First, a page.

Filed under: Environment, Europe, Health Care, United Kingdom | Tags: England and Europe, History 1347-1350, The Black Death
The year was 1347, when what came to be known as The Black Death appeared. It was an amalgam of three diseases: bubonic plague, septicemic plague, and pulmonary plague. The first two were spread by fleas carried by the black rat, the third was an airborne variant. It spread from 1347 to 1350 before dying out.
Cautious estimates say that one-third of the population of Europe perished. In England approximately 1.4 million – 2 million in England died. Eight million died in France, and thirty million in Europe as a whole.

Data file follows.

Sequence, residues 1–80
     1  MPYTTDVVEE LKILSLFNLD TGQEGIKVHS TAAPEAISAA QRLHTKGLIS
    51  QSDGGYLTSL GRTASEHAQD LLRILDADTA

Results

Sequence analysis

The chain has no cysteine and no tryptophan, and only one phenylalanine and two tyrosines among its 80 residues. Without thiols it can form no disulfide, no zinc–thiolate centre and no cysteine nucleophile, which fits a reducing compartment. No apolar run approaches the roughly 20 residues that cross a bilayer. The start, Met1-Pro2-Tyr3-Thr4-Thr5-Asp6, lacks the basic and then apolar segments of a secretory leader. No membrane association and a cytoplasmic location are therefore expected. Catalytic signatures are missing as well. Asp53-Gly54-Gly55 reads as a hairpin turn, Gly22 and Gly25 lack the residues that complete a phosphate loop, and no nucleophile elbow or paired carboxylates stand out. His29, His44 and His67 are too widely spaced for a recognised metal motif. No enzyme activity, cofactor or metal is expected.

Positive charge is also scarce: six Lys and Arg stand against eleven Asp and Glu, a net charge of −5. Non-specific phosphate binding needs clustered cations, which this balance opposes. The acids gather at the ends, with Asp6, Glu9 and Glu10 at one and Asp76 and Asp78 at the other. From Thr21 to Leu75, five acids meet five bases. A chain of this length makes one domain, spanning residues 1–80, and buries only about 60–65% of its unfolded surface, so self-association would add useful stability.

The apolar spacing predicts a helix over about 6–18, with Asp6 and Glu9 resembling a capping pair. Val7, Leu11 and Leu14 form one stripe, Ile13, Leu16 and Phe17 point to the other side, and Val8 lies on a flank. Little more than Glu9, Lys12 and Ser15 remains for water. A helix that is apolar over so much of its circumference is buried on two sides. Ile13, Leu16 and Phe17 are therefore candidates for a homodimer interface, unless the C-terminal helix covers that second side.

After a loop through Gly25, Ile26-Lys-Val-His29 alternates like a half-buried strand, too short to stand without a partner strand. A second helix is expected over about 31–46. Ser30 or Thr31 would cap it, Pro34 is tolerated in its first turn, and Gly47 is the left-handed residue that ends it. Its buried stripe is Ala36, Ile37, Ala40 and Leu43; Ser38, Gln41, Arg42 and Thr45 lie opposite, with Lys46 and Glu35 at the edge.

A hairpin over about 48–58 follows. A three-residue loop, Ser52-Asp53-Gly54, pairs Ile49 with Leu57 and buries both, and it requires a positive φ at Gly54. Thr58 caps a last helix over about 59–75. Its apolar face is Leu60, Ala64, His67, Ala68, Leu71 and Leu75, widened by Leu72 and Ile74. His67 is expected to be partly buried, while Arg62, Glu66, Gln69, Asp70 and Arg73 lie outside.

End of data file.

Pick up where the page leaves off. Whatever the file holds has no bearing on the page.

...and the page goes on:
The Black Death was a decisive point in the decline of the European feudal system. By the year 1230, the population of England had reached approximately six million. Not until the middle of the 18th century did the population of England reach this number again.